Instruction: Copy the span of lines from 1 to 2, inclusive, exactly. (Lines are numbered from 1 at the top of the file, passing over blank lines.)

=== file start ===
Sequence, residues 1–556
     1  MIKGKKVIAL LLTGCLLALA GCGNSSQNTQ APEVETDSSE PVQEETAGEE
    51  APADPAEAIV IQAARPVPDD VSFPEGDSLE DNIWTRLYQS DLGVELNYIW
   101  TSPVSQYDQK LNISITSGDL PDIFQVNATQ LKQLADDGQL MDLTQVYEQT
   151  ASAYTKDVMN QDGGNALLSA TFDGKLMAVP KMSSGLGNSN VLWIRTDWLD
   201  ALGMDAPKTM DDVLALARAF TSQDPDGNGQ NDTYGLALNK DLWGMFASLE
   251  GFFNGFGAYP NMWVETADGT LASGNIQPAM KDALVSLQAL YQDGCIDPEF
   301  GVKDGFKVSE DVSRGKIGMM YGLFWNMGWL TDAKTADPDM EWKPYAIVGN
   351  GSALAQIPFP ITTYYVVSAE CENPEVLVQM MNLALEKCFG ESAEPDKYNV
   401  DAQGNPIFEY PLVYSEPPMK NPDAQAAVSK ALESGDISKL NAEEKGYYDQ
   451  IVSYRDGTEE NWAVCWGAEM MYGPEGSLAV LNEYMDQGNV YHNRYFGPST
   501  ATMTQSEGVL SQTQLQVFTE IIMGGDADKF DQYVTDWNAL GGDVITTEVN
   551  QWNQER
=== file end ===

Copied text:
Sequence, residues 1–556
     1  MIKGKKVIAL LLTGCLLALA GCGNSSQNTQ APEVETDSSE PVQEETAGEE